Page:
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Computer hackers earlier this month accessed the personal information of about 36,000 people who worked for, with or visited Army commands located at the former Fort Monmouth, an Army spokeswoman has confirmed.
Communications-Electronics Command spokeswoman Andricka Thomas said the breach "may have affected CECOM, C4ISR [Command, Control, Communications, Computers, Intelligence, Surveillance and Reconnaissance] and nongovernmental personnel as well as persons who may have visited Fort Monmouth."
The information included "a mix of full names, dates and places of birth, Social Security numbers, home addresses and salaries" that were stored in databases maintained by CECOM located at Aberdeen Proving Ground, Md., Thomas said. She said that at a minimum, names and Social Security numbers were accessed.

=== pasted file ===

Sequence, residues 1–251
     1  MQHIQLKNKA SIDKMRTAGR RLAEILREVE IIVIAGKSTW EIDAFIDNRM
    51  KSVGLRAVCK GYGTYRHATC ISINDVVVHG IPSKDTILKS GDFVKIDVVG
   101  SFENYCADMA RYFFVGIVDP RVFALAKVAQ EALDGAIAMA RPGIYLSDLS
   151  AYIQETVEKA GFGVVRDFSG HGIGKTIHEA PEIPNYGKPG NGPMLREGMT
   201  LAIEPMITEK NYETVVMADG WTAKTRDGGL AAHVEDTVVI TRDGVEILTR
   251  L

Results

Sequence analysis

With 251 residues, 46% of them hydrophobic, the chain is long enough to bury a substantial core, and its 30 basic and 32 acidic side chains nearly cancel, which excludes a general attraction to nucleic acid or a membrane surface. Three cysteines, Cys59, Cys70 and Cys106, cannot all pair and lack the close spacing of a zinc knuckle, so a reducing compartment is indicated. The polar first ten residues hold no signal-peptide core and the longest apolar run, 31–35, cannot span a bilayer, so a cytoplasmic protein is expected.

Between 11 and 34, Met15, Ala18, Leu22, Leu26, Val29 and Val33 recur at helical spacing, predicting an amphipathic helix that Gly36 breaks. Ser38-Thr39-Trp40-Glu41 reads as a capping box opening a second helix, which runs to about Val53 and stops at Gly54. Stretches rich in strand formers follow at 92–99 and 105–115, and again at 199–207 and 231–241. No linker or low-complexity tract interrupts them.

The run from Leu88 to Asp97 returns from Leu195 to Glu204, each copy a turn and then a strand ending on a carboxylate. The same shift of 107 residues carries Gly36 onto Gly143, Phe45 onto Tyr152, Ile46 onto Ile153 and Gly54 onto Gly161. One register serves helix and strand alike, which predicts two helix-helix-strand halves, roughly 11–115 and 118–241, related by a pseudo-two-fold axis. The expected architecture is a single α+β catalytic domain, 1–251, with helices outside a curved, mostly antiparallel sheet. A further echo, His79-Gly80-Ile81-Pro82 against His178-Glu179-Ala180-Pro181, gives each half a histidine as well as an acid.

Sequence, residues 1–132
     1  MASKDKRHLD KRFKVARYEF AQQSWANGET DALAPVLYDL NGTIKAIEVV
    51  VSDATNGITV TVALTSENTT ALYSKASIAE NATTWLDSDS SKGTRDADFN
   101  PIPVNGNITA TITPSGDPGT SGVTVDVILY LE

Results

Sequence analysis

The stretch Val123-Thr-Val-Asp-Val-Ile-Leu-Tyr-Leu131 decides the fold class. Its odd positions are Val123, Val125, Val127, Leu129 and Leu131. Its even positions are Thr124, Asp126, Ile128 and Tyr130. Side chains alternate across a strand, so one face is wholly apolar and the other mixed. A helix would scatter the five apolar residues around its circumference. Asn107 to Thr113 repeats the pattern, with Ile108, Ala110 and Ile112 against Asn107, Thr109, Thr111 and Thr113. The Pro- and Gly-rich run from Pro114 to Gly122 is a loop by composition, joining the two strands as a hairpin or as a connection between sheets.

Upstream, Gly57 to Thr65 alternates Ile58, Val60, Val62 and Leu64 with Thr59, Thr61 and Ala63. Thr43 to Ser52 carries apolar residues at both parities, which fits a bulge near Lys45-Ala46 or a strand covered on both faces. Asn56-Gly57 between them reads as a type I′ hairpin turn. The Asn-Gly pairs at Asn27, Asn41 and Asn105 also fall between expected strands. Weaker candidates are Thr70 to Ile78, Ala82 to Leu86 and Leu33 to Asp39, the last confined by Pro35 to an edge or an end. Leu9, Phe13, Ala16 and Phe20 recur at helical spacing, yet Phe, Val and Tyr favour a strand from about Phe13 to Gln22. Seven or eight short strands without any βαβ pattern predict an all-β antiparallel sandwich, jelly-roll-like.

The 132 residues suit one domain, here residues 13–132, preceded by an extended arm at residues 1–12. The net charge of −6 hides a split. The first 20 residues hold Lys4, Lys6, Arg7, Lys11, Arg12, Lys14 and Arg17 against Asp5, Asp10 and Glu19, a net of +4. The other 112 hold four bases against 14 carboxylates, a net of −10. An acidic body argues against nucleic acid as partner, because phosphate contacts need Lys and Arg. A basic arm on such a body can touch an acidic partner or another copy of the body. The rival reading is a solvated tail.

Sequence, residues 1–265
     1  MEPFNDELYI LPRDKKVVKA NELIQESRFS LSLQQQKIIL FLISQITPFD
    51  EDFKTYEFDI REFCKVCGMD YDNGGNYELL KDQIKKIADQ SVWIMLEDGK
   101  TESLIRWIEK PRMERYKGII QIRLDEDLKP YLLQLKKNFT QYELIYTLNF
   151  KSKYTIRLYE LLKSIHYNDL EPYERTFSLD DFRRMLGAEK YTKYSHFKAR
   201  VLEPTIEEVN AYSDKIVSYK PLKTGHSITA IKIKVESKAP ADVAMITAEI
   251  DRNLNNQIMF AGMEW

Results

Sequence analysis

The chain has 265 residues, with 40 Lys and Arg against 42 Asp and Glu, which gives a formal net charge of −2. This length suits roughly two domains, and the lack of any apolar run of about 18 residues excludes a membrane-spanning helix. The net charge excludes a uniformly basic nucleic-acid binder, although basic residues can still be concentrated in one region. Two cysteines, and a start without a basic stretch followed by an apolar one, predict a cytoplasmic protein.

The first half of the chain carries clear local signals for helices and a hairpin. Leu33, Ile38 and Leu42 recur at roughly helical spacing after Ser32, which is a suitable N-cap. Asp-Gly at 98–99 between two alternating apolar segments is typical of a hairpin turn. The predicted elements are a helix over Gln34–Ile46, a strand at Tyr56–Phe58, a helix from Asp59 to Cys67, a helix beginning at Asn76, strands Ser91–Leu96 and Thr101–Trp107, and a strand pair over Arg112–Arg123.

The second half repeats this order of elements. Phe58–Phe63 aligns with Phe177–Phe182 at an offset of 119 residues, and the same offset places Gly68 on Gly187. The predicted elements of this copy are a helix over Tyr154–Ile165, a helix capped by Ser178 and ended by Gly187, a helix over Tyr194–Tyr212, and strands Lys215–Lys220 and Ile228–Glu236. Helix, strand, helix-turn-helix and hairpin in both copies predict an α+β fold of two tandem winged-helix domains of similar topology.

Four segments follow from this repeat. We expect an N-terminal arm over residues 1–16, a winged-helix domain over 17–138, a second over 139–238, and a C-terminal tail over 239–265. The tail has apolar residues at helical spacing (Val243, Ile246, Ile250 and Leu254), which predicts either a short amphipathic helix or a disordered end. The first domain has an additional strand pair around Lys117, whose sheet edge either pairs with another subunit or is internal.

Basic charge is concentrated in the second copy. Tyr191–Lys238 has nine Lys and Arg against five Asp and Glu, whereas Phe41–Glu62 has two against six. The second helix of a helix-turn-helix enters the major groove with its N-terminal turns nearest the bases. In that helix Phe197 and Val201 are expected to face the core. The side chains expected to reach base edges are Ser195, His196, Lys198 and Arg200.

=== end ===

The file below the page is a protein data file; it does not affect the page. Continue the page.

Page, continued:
CECOM and C4ISR were both housed at Monmouth prior to its closing in September 2011. They are now located at Aberdeen.
According to a Dec. 18 letter from CECOM's commanding general, Maj. Gen. Robert S. Ferrell, to those affected, the databases that were breached contained information gleaned from former Fort Monmouth visitor logs as well as CECOM Software Engineering Center personnel files.
Thomas said the breach was discovered Dec. 6, and the affected databases were taken offline immediately and have not been put back online.
Thomas declined to identify the specific databases "because of the ongoing investigation."
The Army is offering free credit monitoring services for a year to those affected by the breach, Thomas said.
The CECOM Chief Information Office is answering questions from those affected. Information can be obtained by calling 443-861-6571 or emailing email@example.com.
Thomas said the incident's investigation is being led by the Army's Cyber Command. She said the breach was conducted by an "unknown source" for "unknown reasons."